The skin undergoes many physiological changes associated with normal aging. A lifetime of excessive sun exposure, systematic diseases, poor nutrition, and certain medications, such as antihistamines, diuretics, can enhance the range of skin problems and the rapidity with which they appear. The outcome is an increasing vulnerability to injury and to certain diseases. Skin problems are common among older people.
Before conducting a skin assessment, the nurse needs to be aware of significant changes that occur with aging. The major changes in the skin of older people include dryness, wrinkling, uneven pigmentation, and various proliferative lesions.
Cellular changes associated with aging include a thinning at the junction of the dermis and epidermis. This results in fewer anchoring sites between the two skin layers, so that even minor injury or stress to the epidermis can cause it to shear away from the dermis.
This phenomenon of aging may account for the increased vulnerability of aged skin to trauma. With increasing age, the epidermis and dermis thin and flatten, causing wrinkles, sags, and overlapping skin folds.
Loss of the subcutaneous tissue substances of elastin, collagen, and subcutaneous fat diminishes the protection and cushioning of underlying tissues and organs, decreases muscle tone, and results in the loss of the insulating properties of fat.
Cellular replacement slows as a result of aging. As the dermal layers thin, the skin becomes fragile and transparent. The blood supply to the skin becomes fragile and transparent. The blood supply to the skin also changes with age.
Vessels, especially the capillary loops, decrease in number and size. These vascular changes contribute to the delayed wound healing commonly seen in the elderly patient. Sweat and sebaceous glands decrease in number and functional capacity, leading to dry and scaly skin. Reduced hormonal levels of androgens are thought to contribute to declining sebaceous gland function.
Hair growth gradually diminishes, especially over the lower legs and dorsum of the feet. Thinning is common ion the scalp, axilla, and pubic areas. Other functions affected with normal aging include the barrier function of skin, sensory perception, and thermoregulation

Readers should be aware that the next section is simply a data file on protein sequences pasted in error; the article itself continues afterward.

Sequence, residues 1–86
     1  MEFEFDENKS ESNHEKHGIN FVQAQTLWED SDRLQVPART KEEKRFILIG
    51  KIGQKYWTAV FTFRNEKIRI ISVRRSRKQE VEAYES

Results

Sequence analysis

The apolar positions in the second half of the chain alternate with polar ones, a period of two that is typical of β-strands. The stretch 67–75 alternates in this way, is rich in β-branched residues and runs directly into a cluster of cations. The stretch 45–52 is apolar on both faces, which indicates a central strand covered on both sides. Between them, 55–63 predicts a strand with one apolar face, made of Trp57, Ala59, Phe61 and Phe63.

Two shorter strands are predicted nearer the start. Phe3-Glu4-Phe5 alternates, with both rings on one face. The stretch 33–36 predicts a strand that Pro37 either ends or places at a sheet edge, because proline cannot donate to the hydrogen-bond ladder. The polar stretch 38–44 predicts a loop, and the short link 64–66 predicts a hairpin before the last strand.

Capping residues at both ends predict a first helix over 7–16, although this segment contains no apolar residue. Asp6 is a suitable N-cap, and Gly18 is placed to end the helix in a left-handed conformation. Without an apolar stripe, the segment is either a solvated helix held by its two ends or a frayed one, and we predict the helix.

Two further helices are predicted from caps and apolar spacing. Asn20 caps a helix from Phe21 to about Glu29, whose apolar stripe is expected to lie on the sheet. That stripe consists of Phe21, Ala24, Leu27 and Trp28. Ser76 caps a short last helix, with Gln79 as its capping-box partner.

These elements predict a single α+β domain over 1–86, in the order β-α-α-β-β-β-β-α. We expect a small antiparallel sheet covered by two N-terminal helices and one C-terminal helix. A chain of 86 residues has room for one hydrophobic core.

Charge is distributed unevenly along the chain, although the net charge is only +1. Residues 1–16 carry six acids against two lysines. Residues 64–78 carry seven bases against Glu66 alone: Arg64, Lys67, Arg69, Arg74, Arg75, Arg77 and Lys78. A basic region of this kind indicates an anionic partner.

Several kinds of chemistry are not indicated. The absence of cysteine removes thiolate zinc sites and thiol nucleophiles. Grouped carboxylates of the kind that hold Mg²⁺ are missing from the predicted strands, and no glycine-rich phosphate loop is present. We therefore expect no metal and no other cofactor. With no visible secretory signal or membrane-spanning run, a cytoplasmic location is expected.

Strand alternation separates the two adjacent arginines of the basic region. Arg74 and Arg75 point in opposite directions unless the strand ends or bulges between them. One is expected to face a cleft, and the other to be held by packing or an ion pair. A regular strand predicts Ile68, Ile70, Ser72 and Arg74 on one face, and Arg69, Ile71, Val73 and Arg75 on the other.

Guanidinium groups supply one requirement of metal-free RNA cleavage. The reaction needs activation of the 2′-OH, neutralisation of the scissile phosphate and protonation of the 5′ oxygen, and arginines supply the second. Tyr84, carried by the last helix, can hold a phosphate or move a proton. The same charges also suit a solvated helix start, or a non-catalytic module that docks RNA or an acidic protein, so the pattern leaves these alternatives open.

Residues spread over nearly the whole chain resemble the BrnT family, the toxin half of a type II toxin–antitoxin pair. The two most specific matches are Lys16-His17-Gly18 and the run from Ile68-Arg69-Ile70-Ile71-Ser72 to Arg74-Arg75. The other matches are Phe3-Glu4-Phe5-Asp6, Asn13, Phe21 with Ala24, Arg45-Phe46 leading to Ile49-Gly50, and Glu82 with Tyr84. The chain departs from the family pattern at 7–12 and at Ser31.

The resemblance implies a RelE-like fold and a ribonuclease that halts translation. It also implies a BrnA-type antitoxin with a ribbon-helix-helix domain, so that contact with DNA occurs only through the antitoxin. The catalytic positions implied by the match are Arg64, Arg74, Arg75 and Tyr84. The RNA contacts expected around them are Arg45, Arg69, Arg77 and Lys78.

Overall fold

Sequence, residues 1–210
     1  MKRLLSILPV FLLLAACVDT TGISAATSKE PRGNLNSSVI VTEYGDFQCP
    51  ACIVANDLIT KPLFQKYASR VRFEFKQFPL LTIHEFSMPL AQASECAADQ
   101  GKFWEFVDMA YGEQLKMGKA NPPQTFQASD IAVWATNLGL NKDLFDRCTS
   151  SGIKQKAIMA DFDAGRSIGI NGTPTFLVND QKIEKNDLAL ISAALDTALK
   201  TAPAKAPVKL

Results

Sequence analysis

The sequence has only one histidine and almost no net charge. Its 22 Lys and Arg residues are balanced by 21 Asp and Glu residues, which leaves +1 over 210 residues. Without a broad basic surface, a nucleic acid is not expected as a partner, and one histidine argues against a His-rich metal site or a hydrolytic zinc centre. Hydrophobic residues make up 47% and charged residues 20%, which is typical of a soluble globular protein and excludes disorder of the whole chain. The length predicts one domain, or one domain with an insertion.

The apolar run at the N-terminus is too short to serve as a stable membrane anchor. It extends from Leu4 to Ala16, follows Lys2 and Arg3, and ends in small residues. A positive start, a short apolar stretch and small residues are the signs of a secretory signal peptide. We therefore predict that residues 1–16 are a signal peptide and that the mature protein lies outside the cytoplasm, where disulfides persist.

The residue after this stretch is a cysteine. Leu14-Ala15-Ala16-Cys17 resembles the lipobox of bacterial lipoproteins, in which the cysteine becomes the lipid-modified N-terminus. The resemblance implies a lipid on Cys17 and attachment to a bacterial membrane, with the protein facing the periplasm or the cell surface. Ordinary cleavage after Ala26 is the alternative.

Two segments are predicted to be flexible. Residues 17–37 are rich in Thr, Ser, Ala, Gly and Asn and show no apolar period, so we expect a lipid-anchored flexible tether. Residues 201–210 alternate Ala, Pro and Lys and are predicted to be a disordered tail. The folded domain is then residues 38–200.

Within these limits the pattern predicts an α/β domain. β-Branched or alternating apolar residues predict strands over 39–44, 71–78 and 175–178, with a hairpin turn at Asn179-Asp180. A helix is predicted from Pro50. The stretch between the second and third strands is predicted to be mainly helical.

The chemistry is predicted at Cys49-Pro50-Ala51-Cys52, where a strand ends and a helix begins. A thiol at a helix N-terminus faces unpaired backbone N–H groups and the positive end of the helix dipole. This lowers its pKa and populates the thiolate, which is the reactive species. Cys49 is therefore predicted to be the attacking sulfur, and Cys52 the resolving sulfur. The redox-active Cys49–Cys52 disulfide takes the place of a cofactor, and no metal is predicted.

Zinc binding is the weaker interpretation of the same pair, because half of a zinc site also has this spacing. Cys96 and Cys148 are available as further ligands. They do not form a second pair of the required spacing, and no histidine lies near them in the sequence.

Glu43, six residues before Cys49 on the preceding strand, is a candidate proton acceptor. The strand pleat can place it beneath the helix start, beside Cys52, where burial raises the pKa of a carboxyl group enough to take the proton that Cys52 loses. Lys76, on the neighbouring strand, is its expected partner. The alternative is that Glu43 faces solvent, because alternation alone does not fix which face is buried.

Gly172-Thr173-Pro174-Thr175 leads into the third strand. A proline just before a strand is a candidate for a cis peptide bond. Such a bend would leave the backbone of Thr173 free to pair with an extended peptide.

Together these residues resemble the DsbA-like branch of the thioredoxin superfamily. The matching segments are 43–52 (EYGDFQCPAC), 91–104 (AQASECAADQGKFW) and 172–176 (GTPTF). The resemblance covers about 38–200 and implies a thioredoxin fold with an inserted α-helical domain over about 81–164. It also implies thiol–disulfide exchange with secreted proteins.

Photoaging, or damage from excessive sun exposure, has detrimental effects on the normal aging of the skin. A lifetime of outdoor work or outdoor activities, such as construction work, lifeguarding, sunbathing, without prudent use of sunscreens can lead to profound wrinkling; increased loss of elasticity; mottled, pigmented areas; cutaneous atrophy; and benign or malignant lesions.
Many skin lesions are of normal aging. Recognizing these lesions enables the examiner to assist the patient to feel less anxious about changes in skin.
Antiaging skin care treatment may refer to various ways in defying your age. Using these skin care treatments can help you block and eliminate those wrinkles and other aging signs.
With antiaging skin care treatment, you can look younger than you are and be proud of it. One of the secret to antiaging skin care treatments is micro-collagen, an ingredient that stimulates the natural production of collagen and helps reduce visible signs of aging like wrinkles, fine lines and sagging loose skin.
Start your age-defying regimen with antiaging skin care treatment to gently cleanse your skin, and then use other forms of treatment to reveal your radiant skin.
Antiaging skin care treatment also involves age solution serums for skin-deep collagen production that will strengthen and support your skin from within.
All of these things can absolutely help you defy your age and lets you show the best in you in spite of old age. As 65% of population says, age is just a number and they can be as attractive as other women who are younger.
Antiaging Skin care is not something you do, as you get older. It should begin at an early age and consist of antiaging skin care treatments .
When used consistently they can prevent many forms of facial skin care aliments.